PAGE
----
Published on January 2nd, 2015 | by Zachary Shahan


99 MW of New Solar Power Projects Coming To Ontario

January 2nd, 2015 by  

Originally published on Sustainnovate.

The Ontario Power Authority has just extended its solar feed-in tariff program and selected another 99 MW of solar power projects to receive payments from it. This comes from 330 new contracts.

ontarioIn case you’re not familiar with feed-in tariffs, they are when renewable energy power producers are guaranteed a specific rate for the electricity they produce and send back into the grid for a specific period of time (e.g., 15 years or 20 years). This lets the homeowners and businesses lock in an attractive, low-risk return on their investments.

76 of the new projects, totaling 33 MW of capacity, are for non-rooftop projects, while 254 (totaling the other 66 MW) are rooftop projects. Two biomass projects totaling 1MW were also selected and bring the total extension up to 100 MW. All of the projects, as a requirement of the program, are somewhere from 10 kW in capacity to 500 kW, not a watt bigger or smaller.

“Among the solar projects receiving the FiT, 121 (31MW) will involve First Nation and Métis community participation. Another 60 of the projects (18MW) have community participation and 151 projects (50MW), have municipal or public sector participation,” PV-Tech writes.

Altogether, the projects being awarded these new contracts should produce enough electricity for ~13,000 homes.

Colin Andersen, CEO of OPA said: “The FiT programme continues to generate strong interest among power generators as well as communities across the province. The FIT contracts we are about to offer represent significant investment in Ontario and in our electricity system. They show that the transformation of our electricity system to be cleaner and more sustainable is well on its way.”

Photo Credit: John Vetterli / iWoman / CC BY-SA

Reprinted with permission.

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About the Author

is tryin' to help society help itself (and other species) with the power of the typed word. He spends most of his time here on CleanTechnica as its director and chief editor, but he's also the president of Important Media and the director/founder of EV Obsession, Solar Love, and Bikocity. Zach is recognized globally as a solar energy, electric car, and energy storage expert. Zach has long-term investments in TSLA, FSLR, SPWR, SEDG, & ABB — after years of covering solar and EVs, he simply has a lot of faith in these particular companies and feels like they are good cleantech companies to invest in.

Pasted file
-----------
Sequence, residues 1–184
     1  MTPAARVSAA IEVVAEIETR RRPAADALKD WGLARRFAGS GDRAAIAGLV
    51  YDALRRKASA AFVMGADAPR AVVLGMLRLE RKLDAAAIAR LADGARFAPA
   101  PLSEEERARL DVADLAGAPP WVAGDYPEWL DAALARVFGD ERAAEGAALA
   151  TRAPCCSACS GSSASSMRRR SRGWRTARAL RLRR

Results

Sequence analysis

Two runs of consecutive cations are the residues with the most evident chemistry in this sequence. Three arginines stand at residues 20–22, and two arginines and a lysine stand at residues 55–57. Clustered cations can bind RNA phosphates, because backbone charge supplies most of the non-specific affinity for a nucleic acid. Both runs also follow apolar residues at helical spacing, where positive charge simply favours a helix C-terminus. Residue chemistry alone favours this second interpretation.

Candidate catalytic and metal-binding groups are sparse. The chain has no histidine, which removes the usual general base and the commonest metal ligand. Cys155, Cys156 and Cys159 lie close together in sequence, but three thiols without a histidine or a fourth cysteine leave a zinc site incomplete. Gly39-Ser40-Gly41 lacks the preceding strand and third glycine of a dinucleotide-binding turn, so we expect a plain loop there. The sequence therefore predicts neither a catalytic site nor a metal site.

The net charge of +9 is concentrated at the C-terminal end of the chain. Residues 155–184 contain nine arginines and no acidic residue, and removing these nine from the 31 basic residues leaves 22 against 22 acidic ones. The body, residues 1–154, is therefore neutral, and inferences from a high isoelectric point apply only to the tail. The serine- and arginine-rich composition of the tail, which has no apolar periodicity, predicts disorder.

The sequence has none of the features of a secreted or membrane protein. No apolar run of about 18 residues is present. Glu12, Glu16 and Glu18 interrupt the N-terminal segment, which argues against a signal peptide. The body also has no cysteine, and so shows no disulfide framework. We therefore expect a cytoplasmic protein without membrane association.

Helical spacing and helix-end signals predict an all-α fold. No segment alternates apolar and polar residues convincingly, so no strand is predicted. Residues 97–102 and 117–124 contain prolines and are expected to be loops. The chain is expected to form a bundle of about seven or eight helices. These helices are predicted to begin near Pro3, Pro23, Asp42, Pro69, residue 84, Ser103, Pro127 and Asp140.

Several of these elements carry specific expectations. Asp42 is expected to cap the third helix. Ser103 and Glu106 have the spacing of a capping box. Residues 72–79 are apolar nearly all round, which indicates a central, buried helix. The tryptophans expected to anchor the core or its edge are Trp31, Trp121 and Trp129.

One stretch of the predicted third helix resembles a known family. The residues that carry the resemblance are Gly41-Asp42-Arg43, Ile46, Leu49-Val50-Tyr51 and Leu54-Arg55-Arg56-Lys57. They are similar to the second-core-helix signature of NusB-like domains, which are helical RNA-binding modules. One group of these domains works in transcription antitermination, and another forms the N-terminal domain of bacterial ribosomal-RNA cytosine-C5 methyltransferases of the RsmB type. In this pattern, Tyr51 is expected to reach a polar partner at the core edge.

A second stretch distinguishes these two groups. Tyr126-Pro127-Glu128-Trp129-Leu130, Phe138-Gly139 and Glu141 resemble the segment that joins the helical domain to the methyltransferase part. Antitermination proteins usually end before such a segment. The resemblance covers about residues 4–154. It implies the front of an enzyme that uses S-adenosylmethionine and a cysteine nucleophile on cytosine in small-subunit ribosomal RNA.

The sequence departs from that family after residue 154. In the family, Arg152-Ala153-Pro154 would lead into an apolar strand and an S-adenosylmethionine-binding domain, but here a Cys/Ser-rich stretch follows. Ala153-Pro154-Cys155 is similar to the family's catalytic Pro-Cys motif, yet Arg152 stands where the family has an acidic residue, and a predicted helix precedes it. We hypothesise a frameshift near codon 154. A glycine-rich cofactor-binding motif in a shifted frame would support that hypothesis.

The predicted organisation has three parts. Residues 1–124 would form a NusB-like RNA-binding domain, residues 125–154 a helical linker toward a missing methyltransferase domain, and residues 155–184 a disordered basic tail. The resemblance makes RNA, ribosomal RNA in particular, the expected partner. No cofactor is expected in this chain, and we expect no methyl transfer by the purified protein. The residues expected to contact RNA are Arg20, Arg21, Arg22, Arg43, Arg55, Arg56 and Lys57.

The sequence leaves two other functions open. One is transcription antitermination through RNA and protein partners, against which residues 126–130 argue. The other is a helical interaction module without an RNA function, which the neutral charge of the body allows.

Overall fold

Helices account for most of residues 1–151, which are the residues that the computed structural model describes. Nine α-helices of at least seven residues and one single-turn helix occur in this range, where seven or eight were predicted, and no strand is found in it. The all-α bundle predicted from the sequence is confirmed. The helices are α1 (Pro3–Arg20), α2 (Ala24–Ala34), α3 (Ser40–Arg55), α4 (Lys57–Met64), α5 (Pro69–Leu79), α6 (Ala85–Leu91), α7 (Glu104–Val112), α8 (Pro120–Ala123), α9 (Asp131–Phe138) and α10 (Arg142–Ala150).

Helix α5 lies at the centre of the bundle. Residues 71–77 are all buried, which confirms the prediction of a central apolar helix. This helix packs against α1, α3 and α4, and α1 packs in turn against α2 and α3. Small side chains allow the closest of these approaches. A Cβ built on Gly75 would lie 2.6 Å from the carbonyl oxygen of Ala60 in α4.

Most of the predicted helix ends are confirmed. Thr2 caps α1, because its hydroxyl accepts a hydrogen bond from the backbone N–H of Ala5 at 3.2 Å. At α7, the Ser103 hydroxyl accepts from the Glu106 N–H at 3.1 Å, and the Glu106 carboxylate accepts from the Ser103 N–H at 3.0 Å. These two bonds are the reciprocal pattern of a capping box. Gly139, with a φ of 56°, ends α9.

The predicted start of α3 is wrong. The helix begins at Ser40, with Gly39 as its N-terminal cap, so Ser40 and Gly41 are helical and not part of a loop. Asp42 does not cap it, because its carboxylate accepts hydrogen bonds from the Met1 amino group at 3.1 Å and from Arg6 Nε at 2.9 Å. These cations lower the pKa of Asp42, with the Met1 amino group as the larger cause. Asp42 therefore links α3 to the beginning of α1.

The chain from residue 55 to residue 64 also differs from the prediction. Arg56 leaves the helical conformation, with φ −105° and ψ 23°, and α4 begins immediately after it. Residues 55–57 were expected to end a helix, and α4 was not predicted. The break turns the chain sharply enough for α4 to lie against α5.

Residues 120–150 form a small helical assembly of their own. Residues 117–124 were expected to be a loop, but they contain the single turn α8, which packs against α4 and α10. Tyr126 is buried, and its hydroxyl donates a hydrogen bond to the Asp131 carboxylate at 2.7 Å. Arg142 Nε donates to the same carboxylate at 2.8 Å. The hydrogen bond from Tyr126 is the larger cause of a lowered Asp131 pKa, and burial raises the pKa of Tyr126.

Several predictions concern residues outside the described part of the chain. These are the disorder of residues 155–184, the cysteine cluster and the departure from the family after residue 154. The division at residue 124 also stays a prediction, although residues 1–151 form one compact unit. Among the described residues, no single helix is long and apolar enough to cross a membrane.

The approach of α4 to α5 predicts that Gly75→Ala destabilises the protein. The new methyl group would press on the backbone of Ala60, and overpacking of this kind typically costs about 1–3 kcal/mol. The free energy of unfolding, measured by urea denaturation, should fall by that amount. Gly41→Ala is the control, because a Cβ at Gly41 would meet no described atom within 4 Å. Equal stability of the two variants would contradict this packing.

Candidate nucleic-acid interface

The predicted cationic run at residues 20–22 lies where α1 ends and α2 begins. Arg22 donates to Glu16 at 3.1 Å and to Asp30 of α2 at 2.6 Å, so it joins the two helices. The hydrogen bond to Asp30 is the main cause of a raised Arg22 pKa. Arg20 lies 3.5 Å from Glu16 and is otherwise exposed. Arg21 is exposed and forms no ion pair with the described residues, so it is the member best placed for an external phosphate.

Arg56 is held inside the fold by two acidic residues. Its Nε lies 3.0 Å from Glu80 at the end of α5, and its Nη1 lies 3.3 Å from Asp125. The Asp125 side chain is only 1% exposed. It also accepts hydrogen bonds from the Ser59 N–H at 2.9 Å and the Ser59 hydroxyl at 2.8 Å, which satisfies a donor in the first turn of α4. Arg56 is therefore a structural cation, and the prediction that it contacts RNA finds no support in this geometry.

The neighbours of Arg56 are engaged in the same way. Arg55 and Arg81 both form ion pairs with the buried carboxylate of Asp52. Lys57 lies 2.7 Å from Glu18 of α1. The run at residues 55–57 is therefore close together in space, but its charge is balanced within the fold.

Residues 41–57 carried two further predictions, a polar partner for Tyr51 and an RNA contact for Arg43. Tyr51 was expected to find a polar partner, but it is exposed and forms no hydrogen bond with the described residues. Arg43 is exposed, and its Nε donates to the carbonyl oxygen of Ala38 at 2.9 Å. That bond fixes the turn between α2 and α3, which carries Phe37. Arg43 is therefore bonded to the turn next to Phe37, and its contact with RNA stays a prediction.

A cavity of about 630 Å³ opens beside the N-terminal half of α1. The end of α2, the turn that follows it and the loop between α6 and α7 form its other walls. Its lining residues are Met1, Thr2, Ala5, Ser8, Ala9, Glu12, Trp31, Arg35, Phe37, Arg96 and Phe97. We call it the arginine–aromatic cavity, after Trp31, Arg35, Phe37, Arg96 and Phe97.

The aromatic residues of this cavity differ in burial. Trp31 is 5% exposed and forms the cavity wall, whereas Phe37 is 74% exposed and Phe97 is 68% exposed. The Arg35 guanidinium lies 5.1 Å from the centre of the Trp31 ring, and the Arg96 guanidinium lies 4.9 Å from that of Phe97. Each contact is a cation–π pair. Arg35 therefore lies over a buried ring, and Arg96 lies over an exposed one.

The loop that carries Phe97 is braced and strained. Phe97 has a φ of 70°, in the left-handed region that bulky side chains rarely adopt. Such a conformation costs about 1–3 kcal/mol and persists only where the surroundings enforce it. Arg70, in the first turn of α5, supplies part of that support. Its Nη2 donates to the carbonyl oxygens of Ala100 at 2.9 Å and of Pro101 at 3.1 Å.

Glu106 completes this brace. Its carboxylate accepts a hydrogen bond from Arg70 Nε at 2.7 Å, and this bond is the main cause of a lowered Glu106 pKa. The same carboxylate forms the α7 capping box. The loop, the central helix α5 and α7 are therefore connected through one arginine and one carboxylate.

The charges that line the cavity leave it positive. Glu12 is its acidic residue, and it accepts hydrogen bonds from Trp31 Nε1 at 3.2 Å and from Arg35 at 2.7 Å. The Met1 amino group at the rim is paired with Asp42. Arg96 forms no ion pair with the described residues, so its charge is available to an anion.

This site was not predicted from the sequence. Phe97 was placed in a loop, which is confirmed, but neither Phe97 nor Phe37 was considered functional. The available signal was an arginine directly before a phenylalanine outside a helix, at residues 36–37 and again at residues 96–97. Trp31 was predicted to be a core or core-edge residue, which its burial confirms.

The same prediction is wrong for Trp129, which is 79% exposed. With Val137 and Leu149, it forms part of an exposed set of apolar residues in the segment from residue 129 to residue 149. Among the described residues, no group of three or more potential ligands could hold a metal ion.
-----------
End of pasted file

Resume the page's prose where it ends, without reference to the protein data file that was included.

• Martin

    Because hydro is already 60 % of total electric production, but I do nor know how much is being added in hydro, plus solar, wind are a lot faster installed.

  • Martin

    How much RE power is now in Canada. besides hydro,, and how much in what province?

    • Steve Grinwis

      Why besides hydro?

      Ontario has about 3000 MW of wind, and 1200 MW solar.

      Peak consumption is around 27 GW.

      About 5% of our power comes from wind at this point, and growing rapidly.

    • Kevin McKinney

      Here’s the 2013 numbers for wind capacity in Canada:

      As you can see, Ontario has the largest capacity, but Quebec and Alberta also have significant amounts. The national total was about 9.2 GW.

      I didn’t find anything comparable for Canadian solar, but this story states:

      “There has been a lot of construction activity last summer, this summer in particular, and it will continue through 2015,” says John Gorman, president of the Canadian Solar Industries Association (CANSIA).

      “Our numbers show that by the end of the construction season next year, Ontario will have installed 2 gigawatts [2,000 megawatts] of solar, and the majority of that is utility scale.”

      And, at the very end:

      Alberta – with an aging fleet of coal-powered generation and an expanding population – may be the next province to add some some large-scale solar power. Private power developer GTE Power Corp. has plans for a $30-million, 15-megawatt project on 78 acres of land just outside of Brooks, Alta.

      GTE president Ian Rogers says solar can work well in Alberta’s merchant market for electricity, where the supply and demand at any particular time determines the price paid to power producers.

      A solar farm will generate its peak power in the middle of the day in the summer, when air conditioning demand is highest, and thus the rates paid to electricity generators top out. That helps to lift the average price received by a solar farm over the course of a year, Mr. Rogers said. At the same time, the cost of solar panels has dropped sharply, so it is now possible to build a solar farm in Alberta that can produce a “decent” investment return, he said.

      Indeed, Mr. Rogers said the per-watt capital costs for building his solar farm could work out to less than that of a new natural-gas-fired power plant.

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